"wordList" : [

"run", "eat", "sleep"

],

"pastTense": {

"run": "ran",

"eat": "ate", 

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"sleep": "slept"

}

"difficulty": 4

} );

Marking Rubric (University)

To achieve a particular grade, you must meet all criteria for that grade, as per the

table below. Each higher grade requires all features of the previous grade as well.

Additional marking explanations:

• Weekly Progress (Changelog.txt / .md): A file within your project directory of the

progress you make each day you work.

• Code quality: Code quality means both indentation (TAB key) and comments. A

method signature means each of the parameters, as well as the return type.

• Legal: You must include a licenses.txt / .xls file in your project’s root directory. Every

externally-sourced item must be legal for you to use for commercial purposes, and

you must have one row per item, recording:

o Item name: image/sound filename you have renamed it to, or

method/function/class where the code is found.

o License type: (Public Domain / CC-BY / CC0 / GPL / MIT / Apache / BSD)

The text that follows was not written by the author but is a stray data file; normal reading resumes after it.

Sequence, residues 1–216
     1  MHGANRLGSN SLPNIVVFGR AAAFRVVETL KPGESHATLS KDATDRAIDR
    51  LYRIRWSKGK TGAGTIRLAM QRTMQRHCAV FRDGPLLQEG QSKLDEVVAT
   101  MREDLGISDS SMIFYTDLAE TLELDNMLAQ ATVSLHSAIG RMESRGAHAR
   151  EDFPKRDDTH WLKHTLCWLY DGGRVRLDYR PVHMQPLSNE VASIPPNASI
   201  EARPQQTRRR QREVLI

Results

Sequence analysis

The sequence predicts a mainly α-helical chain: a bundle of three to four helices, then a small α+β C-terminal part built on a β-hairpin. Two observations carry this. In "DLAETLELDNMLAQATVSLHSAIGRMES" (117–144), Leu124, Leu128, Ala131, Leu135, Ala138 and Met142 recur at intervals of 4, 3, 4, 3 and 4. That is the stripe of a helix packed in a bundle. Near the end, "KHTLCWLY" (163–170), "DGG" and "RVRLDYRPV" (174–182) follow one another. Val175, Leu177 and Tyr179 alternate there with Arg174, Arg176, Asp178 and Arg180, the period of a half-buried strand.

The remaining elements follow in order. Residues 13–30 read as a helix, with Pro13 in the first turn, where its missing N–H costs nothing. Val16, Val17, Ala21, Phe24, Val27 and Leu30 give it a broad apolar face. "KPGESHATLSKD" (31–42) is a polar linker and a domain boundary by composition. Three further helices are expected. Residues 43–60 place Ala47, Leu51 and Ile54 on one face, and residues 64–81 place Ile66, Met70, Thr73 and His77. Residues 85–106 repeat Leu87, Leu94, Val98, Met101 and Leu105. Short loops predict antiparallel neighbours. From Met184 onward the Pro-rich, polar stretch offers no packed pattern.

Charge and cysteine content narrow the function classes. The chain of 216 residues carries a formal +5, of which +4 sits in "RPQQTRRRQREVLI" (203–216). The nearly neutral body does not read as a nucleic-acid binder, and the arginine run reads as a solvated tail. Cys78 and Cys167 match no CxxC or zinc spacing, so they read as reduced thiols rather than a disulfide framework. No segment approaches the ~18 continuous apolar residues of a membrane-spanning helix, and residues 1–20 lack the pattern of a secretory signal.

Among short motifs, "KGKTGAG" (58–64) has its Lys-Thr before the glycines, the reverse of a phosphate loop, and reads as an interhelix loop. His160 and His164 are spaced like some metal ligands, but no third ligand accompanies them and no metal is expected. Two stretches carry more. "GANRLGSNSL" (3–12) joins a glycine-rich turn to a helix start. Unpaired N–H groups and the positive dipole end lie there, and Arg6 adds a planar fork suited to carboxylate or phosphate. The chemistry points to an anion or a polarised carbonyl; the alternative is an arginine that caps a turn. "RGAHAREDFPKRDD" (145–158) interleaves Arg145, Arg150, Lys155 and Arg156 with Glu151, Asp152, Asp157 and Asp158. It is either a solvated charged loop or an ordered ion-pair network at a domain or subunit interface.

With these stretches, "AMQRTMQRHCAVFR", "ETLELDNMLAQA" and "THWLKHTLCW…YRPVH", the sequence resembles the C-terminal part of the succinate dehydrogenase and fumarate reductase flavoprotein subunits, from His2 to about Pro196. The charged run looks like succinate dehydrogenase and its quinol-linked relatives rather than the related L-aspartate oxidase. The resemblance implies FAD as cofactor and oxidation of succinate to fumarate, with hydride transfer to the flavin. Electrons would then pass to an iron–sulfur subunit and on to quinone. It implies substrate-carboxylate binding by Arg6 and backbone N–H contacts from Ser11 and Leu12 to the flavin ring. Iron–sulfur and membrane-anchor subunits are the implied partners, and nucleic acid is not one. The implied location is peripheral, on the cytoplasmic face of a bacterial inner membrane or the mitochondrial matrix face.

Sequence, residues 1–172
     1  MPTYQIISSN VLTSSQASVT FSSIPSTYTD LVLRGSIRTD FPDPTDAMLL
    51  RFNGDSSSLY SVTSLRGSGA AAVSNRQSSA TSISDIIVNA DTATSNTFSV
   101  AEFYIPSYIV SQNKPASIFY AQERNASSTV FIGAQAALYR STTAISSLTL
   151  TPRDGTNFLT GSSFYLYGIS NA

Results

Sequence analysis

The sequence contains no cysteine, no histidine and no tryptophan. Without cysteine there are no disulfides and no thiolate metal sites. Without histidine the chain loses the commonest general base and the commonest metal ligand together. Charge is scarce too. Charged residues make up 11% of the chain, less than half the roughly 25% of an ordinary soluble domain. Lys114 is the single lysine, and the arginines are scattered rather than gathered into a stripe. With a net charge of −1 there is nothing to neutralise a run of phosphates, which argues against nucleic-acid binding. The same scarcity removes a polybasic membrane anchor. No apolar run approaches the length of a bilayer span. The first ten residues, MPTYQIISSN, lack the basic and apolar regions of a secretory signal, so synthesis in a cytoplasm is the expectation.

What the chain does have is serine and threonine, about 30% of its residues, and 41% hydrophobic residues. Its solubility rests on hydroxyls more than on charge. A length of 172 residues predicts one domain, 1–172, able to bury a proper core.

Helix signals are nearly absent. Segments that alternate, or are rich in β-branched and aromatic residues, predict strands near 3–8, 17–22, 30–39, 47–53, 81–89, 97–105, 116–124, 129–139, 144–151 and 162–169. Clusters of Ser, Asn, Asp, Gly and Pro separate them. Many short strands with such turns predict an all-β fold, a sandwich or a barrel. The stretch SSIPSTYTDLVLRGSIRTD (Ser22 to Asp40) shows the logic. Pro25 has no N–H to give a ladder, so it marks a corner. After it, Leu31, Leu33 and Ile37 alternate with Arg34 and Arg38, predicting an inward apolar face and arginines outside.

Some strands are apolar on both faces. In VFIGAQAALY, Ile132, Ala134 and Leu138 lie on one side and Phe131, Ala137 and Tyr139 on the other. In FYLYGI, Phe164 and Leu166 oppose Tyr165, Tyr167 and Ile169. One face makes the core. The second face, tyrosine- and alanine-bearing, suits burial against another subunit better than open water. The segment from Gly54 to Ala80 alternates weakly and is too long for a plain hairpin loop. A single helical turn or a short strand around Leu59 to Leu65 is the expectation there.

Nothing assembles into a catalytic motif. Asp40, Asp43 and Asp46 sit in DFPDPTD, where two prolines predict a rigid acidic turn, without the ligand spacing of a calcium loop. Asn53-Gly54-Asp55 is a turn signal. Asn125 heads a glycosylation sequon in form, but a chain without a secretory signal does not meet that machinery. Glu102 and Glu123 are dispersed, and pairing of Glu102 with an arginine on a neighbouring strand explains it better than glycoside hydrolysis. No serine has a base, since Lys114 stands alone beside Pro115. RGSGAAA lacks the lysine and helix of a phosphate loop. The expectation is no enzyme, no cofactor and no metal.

o Author / Attribution: (name of author)

o Source Website: (original website of the content, as per the author’s wishes)

• Playable Levels: A level’s duration must be a minimum of 10 minutes.

• Playability: Playability is the length of time an average player would be able to play

your game and get enjoyment out of it. Some games can be “finished” (e.g. all levels

complete) in only a few hours, whereas others may take weeks or months. Note, this

should not involve lots of “grinding” nor repeat questions, where the user is doing

repetitive (and usually boring) tasks, but where the player is continually engaged with

new material.

• UI Layout: Each layout and orientation will be tested using Google Chrome when we

mark your work.

• Code Structure: A new UI component is any function that creates and returns a

HTML element (such as a DIV) that contains other elements within it (e.g.

createSearchBar() would create a DIV containing a textbox for the search text, AND a

button to enable the search).

• Data Structures: It is mandatory that all your data is in separate JavaScript files

specifically for data (those files do not contain program code). This is to create a

logical separation between program code and data, such that a non-programmer

could edit and expand the game’s data and your program would adapt automatically.